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Everyday Cheapskate: Many little changes that can help a family save big

Holding on to your hard-earned money is a lot tougher these days. Just when it looks like the economy is recovering, it takes another hit from rising prices. Add to that personal financial emergencies and fewer work hours on the home front. All you can think about is how to shore up your cash. Embrace these simple changes and you just might see a boost in your bank account.

Pantry raid. Skip the grocery store every other week for a month (or just buy a few perishable essentials, like milk and eggs) and use up whatever’s in your cabinets, fridge and freezer. Since most families of two spend about $76 a week on groceries, according to the U.S. Bureau of Labor Statistics, you'll save at least that much or more.

Print less. Computer ink cartridges can cost anywhere from $10 to $35, so skip the hard copy when you can. If you do need one, set your printer to “draft” mode (which uses less toner), print only what you need (not the pictures or ads) and print on both sides of the paper. Bonus: You’ll cut your paper costs, too.

Stop idling. Letting the engine run while you wait wastes gas. For every two minutes your car idles, you burn as much fuel as driving 1 mile, according to AAA. With gas prices at about $4 a gallon nationwide, 10 minutes of idling costs you $1 a day. If you'll be waiting longer than 30 seconds, turn off the engine.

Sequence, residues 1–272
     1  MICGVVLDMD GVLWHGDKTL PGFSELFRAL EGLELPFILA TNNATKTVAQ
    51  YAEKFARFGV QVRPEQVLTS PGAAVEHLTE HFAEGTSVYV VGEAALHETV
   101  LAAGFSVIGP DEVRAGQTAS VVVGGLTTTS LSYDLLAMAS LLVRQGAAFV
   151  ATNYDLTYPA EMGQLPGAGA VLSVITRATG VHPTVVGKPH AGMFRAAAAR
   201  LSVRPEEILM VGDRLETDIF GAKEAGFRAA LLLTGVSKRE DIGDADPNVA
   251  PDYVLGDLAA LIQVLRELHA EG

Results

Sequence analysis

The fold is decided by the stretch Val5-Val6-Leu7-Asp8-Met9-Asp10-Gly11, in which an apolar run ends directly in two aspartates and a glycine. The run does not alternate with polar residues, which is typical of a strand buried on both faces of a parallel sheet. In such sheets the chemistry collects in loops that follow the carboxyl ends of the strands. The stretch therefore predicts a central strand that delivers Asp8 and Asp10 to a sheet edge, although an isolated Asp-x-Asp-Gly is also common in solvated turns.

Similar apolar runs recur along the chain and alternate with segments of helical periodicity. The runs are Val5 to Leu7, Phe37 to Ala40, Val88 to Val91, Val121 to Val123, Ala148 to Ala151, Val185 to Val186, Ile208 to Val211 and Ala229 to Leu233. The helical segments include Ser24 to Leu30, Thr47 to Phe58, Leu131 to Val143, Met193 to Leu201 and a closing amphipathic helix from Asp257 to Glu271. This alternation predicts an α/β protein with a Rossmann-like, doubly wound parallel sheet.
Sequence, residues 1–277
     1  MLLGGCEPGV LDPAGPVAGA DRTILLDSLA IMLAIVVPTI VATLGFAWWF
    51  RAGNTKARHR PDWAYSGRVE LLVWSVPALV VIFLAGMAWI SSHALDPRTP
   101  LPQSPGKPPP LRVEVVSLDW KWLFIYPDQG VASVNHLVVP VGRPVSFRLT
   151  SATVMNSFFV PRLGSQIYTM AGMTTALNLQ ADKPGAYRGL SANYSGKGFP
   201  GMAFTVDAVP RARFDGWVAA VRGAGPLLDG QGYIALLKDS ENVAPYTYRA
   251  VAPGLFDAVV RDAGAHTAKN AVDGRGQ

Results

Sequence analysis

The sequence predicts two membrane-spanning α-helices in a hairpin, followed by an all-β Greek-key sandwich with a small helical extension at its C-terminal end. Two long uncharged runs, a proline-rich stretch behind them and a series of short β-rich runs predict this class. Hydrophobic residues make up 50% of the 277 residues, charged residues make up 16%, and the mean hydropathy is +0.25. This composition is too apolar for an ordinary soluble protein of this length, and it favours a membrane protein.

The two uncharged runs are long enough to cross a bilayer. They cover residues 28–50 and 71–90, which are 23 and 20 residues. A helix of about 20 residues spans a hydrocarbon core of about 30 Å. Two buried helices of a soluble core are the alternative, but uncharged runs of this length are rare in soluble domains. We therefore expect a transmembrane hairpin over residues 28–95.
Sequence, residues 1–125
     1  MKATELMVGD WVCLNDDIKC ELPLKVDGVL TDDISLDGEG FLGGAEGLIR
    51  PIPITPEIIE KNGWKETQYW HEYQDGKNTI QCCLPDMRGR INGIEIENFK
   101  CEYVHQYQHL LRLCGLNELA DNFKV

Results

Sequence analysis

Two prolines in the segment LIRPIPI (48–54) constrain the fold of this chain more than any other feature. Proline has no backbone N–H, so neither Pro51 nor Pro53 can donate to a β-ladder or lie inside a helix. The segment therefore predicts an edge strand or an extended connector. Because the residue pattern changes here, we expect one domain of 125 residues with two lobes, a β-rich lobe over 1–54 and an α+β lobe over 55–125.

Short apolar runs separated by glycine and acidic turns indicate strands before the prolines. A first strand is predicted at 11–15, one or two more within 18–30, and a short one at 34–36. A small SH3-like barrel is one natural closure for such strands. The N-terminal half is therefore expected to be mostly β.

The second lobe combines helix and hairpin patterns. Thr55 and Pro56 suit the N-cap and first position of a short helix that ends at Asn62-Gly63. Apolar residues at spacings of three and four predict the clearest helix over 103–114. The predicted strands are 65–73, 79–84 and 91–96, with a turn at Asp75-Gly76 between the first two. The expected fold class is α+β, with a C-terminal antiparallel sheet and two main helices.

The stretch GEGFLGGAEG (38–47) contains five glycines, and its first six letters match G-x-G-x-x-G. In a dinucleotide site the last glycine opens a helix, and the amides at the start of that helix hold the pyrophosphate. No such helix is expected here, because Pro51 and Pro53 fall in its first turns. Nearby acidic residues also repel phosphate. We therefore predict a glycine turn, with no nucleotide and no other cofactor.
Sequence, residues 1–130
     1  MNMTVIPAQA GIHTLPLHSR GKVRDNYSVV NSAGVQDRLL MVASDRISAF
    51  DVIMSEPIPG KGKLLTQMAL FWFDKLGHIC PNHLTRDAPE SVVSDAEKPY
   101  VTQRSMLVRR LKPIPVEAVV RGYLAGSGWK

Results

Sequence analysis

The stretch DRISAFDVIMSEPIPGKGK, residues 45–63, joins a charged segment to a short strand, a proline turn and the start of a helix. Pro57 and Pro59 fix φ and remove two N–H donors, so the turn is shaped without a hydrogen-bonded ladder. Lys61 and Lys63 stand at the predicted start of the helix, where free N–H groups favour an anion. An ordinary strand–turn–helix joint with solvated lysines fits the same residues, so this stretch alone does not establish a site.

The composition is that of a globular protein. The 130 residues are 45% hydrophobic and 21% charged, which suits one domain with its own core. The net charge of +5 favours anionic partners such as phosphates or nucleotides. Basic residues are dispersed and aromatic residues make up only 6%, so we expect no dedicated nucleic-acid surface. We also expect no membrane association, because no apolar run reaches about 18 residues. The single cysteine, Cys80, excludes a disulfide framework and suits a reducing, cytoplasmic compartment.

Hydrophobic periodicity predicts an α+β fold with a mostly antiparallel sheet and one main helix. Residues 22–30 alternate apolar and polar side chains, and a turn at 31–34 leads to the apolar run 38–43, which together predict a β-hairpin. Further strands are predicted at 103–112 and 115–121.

Increase auto insurance deductible. Upping it to $1,000 can decrease your annual premium by 10 percent or more — a sizable savings, since the average insurance premium is more than $1,500 per year.

Wash it yourself. Don’t assume you have to send certain items to the dry cleaner — it pays to look at the label. According to Procter & Gamble Global Fabric Care, 65 percent of dry-cleaned clothes are actually machine-washable. Unless the label says “dry clean only,” follow the care directions listed. If you wash just two items you'd normally dry-clean, you'll save at least $10 a month.

Take it to the tailor. Before you buy any new clothes, go through your closet first to see what would look just as good with a little nip and tuck. Adding a few darts to a blouse or changing the hem on a skirt could give it a brand-new look, all for just $10 or $20 — a lot less than you'd spend at the mall.

Go low-flow. Install inexpensive ($10-$20) low-flow showerheads and faucet aerators. You'll conserve water and reduce the cost to heat your water by as much as 50 percent. Don’t worry — low flow doesn’t mean the water trickles out. You’ll still get good pressure

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Mary Hunt is founder of

To find out more about Mary and read her past columns, please visit the Creators Syndicate Web page at


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